By rewriting the yolo-based segmentation point cloud to approximate the coordinates above the target object in zhixiang_yolo_pcd.cpp (because I found that yolo also only handles 2D images and segmentation, so the principle is the same. I just need to convert the circle into a rectangular BoundingBox), based on the 2D image OpenCV analysis, the task of capturing without relying on YOLO has been completed. However, I found that the OpenCV-based version is less effective in dealing with complex stacking environments. I am still exploring where the problem lies. In addition, it does not work for more complex tree objects, the whole picture is full of circles. It seems that the only way to grab tree objects is to use yolo.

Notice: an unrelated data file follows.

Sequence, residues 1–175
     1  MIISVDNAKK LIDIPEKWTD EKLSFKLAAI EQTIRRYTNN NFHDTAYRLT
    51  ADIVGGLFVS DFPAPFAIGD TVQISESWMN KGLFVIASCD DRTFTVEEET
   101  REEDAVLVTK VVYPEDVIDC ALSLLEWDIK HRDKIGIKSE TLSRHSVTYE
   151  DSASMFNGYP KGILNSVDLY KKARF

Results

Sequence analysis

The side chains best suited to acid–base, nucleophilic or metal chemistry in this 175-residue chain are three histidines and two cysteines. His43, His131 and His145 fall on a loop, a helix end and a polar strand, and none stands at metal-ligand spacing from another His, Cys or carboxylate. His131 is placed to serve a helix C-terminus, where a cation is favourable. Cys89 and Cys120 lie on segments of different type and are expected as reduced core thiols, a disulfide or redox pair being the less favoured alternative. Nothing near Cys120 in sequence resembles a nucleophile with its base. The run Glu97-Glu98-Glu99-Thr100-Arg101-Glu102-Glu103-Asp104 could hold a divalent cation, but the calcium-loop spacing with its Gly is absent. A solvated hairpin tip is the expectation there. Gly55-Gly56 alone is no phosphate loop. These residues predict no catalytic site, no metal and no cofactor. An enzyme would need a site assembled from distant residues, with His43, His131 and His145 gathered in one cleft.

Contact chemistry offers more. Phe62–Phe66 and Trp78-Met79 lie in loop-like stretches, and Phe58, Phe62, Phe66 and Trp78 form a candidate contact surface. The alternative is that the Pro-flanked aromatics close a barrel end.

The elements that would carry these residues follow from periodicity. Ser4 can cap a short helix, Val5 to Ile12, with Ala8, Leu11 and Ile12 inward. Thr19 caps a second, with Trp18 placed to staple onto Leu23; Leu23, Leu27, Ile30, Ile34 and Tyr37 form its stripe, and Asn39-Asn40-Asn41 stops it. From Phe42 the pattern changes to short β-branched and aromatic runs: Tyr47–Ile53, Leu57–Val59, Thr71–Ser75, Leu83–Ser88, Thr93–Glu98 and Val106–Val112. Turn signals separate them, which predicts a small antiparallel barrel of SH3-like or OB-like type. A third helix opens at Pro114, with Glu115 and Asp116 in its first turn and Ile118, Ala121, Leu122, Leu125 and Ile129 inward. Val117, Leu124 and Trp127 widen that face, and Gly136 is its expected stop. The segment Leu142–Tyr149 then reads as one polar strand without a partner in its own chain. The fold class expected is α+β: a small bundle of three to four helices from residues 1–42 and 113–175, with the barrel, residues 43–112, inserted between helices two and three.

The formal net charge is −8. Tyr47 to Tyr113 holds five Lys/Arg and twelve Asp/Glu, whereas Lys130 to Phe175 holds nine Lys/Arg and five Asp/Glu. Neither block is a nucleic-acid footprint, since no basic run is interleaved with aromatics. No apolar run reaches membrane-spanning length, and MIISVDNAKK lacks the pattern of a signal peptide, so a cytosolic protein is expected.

This afternoon, I tried to rewrite the previous capture code to complete the capture of the hanging tree objects. The result is quite successful, although the accuracy needs to be improved by further error fitting, and the multi-target capture has not been completed. The main change is to add a listener (subscriber) to listen to the object name output of yolo. Then locate the coordinates of the apple to achieve the capture. Since there are two listener and they can’t run at the same time, I let the bound_name that listens to the yolo object name do it first, because it ends soon, and then let the listener that listens to center_median start later, because this is the main program and needs to wait by camera, which is very slow.